•  » » 22 months ago, # ^ | ← Rev. 2 →   Solution for problem K1) for each plant i you need to find "good" segment — segment of time [l, r] where height[i] <= height[i + 1]it can be done easily, just check all situations like (h[i] <= h[i + 1] and g[i] <= g[i + 1]), (h[i] > h[i + 1] and g[i] < g[i + 1]), etc...2) now we need to check whether we have a time moment t, such that it belongs to all these good segments, i.e. we need to intersect all segments3) intersection is done as usual — for each segment make point (l, +1) and (r + 1, -1), then sort these points, go from left to right and keep the balance
•  » » » Thank you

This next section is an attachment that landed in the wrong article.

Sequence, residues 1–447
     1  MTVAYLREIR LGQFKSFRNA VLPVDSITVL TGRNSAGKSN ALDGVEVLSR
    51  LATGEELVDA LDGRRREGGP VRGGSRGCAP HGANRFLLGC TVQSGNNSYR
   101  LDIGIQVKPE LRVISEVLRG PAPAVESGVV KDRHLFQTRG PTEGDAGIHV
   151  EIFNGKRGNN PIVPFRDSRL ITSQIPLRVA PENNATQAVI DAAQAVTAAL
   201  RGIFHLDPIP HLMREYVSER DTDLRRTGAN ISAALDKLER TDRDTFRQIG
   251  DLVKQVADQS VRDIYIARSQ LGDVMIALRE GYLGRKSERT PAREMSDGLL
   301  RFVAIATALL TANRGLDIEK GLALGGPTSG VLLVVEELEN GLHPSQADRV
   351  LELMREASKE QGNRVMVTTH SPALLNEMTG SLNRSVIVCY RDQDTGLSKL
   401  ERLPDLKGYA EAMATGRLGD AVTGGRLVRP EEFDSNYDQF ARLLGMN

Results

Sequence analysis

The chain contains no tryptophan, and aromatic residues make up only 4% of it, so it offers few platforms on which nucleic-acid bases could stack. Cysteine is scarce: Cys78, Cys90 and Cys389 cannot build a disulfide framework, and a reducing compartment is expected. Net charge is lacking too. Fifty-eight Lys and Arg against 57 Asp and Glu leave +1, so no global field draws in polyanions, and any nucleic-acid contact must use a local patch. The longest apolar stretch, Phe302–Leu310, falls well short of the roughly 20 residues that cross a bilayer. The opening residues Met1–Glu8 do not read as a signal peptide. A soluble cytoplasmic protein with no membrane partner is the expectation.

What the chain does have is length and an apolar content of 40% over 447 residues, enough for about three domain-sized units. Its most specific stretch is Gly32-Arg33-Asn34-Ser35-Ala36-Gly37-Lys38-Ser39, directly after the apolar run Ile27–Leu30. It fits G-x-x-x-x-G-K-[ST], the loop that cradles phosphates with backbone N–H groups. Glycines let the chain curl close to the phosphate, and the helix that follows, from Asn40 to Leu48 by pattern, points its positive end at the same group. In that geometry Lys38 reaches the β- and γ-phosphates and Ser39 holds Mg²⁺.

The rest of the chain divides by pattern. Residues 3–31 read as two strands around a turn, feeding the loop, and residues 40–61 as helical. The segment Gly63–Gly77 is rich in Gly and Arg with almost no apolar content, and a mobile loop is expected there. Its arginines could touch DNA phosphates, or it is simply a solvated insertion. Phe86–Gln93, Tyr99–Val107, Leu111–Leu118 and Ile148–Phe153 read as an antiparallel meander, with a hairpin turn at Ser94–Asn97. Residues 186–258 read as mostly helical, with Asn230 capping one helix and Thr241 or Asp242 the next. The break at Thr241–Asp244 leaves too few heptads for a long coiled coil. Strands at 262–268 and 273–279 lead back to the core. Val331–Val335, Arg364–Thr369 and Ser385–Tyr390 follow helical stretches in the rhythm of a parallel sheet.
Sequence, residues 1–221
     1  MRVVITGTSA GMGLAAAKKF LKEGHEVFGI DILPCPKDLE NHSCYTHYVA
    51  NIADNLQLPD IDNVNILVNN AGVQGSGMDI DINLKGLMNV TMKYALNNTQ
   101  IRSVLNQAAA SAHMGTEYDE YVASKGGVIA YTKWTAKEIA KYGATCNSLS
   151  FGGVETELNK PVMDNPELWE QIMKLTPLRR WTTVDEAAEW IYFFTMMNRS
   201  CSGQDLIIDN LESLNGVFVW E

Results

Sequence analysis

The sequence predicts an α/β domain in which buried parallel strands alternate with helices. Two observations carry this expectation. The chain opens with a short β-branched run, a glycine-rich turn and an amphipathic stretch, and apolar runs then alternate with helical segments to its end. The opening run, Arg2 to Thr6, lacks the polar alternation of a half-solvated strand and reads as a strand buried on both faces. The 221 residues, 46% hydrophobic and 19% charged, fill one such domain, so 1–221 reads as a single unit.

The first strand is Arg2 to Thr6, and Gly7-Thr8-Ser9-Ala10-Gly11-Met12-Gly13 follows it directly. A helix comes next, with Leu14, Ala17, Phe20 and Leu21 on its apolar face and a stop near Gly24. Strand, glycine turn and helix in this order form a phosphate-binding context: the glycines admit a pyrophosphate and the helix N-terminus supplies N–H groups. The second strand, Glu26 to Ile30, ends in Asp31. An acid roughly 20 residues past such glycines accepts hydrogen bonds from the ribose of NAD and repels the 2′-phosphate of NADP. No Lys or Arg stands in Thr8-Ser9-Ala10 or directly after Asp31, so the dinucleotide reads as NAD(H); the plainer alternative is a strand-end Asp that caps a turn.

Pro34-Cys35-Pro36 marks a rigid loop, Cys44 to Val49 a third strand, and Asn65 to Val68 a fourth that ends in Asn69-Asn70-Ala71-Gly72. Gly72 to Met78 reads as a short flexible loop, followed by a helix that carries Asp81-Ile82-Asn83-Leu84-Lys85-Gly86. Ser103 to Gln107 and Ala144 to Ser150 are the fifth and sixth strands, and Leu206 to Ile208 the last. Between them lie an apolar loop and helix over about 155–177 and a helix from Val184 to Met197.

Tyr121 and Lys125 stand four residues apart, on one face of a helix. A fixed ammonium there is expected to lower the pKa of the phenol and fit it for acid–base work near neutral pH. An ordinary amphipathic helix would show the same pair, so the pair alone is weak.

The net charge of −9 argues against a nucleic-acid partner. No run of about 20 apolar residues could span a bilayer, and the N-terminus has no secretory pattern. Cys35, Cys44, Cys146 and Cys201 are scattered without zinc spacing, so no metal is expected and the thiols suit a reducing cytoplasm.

» 22 months ago, # | ← Rev. 8 →   Solution for problem JLet's look at three possible situations:1) there are letters $a$ and $c$, but there is no $b$ — answer is $-1$, as we can't rearrange letters so they would satisfy condition2) there are letters $a$ (maybe with $b$), or letters $c$ (maybe with $b$) — answer is $0$, condition is true from the start3) there are $a$, $b$ and $c$ — we need to make the string look like $aa...abc...cc$ or $cc...cba...aa$, calculate the difference between initial string and both of these strings and choose the best4) how to calculate difference between two strings $s_1$ and $s_2$:basically it's just going $i$ from left to right, increasing the answer whenever $s_1[i] \ne s_2[i]$, then we divide result by $2$, as we counted twice situations where for example$s_1[j_1] = a\ and\ s_1[j_2] = c$$s_2[j_1] = c\ and\ s_2[j_2] = athey would result in just one swap of indices j_1 and j_2the only thing you need to keep in mind, when you see situation like thiss_1[j_1] = a\ and\ s_1[j_2] = b$$s_2[j_1] = b\ and\ s_2[j_2] = c$you see that in this situation you need one more swap Solution for problem EFirst look at the operations $OR$ and $XOR$:1) $a_i | (a_i - 1)$ sets all $0$ (in binary presentation) to $1$ at the end (before the first $1$) of the number $a_i$$11001000 \rightarrow 110011112) a_i \oplus (a_i - 1) does the same as OR (sets all 0 at the end to 1) and erases all bits to the left of the first 1$$11001000 \rightarrow 00001111$You can see that applying $OR$ operation to the same number second time doesn't change it.Applying $XOR$ operation to the same number second time, or applying it to the number that was $OR$-ed sets it to $1$Once a number reaches $1$ it can't change anymore.So we see that each number can change its value at most 2 times: one $OR$ one $XOR$, or two $XOR$.Make a segment tree on sum, store flags like $done_{or}, done_{xor},\ \textit{numbers_are_ones}$ in vertices of this tree, so you won't do changes that you've already done.Asymptotics $O((n + q)log n)$ Solution for problem CEmulate given function.Imagine we have an array of 30 pointers: $p[i]$ — index of the first number, that has $i$-th bit on, and $vis[p[i]] = false$ — this number hasn't been visitedWe can keep such pointers pretty easily, you don't need to update them immediately, just whenever you need them do while (p[i] < n && (vis[p[i]] || !(a[p[i]] & (1 << i)) )) p[i]++ You can make another 2 pointers: for the first unvisited number, that's equal to $0$, and just for the first unvisited number, with the same lazy-updateNow look what happens in the function:1) in the first for-loop we run through the indices from $0$ to $n - 1$, look if we have at least one bit in common.We can run through all active bits in current number $a[u]$ and take the minimum index $p[i]$, corresponding to these bits $min({p[i] : i\ bit \in a[u]})$. Pick this minimum and call function from it, then calculate this minimum again and again, until there is not numbers left2) in the second for-loop we do the same, but go through the bits that are not set in the current number $min({p[i] : i\ bit\ not \in a[u]})$, (don't forget about zeros, they don't have any bits, so we've made a special pointer for them)(actually we can do this part easier and just go through all the unvisited vertices, no matter what bits they have, if a number has $1$ in our bit it's already been visited in the first for-loop, otherwise it's our candidate)if $a[u] = 0$ first for-loop does nothing, second for-loop just iterates over all numbers that are not visitedAsymtotics $O(n log(max_a))$ Solution for problem DBinary search maximum possible distance from the first city that exploded $c$. Precalculate distances between each pair of cities, this can be done by doing bfs $n$ times.Imagine we are at the distance $r$ from the city $c$. We can iterate over all cities that were bombed, and keep the minimal time needed to reach current city. If this time is greater than $d[i]$ — we can't start at the distance $\ge r$ from the first city.So let $R$ be the maximum possible distance from the first city. The answer is the amount of vertices in graph such that $dist(v, c) \le R$Asymptotics $O(n \cdot(n + m) + qlogn)$ Solution for problem HDenote start node as $v_{start}$1) Look at $s_{min} = min({s})$ — it should be the weight of the smallest edge outcoming from the $v_{start}$, so mark as candidates both ends $(u, v)$ for each edge with weight equal to $s_{min}$ such that $(s[u] = s_{min})\ xor\ (s[v] = s_{min})$ — one vertex $u$ or $v$ has it's distance equal to $s_{min}$ 2) Distance of the $v_{start}$ should be $2 \cdot s_{min}$ — as the most optimal way is to use the smallest edge from $v_{start}$ two times, so we also mark all such vertices as candidates.Then we iterate from $1$ to $n$, look if this vertex was marked as candidate in both cases and call Djkstra from this node to check if it gives us a correct array. In Djkstra return as soon as you found that $dist[v] < s[v]$ or $dist[v] > s[v]$ and cannot become smaller.I don't know how many candidates we'll have, but it seems like not a lot. Something like if we have lots of candidates $\rightarrow$ graph is dense $\rightarrow$ $\sqrt{E}$ vertices. Or if the graph is sparse $\rightarrow$ we'll make small amount of operations before telling that calculated distance for some vertex is bad. But I'm not sure about that. This solution works in 607ms.Asymtotics $O(candidates \cdot ElogV)$